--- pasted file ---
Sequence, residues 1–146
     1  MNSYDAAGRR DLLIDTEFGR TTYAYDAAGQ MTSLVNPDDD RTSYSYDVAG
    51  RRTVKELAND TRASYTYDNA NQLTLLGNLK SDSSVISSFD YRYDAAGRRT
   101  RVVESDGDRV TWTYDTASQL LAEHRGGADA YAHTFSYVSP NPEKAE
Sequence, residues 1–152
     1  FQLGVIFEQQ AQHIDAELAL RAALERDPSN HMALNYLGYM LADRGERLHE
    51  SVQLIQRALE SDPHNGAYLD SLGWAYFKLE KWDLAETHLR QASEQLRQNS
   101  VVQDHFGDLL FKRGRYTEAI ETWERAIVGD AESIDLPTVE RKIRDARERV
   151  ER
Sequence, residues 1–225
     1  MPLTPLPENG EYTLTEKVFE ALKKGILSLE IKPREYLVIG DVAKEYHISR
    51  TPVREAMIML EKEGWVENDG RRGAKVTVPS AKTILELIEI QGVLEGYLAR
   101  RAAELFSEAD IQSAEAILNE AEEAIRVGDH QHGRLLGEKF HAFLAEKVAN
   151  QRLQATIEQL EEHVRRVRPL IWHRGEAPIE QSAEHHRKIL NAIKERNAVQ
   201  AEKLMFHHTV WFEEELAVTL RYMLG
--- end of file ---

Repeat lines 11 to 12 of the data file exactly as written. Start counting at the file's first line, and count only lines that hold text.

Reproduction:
     1  MPLTPLPENG EYTLTEKVFE ALKKGILSLE IKPREYLVIG DVAKEYHISR
    51  TPVREAMIML EKEGWVENDG RRGAKVTVPS AKTILELIEI QGVLEGYLAR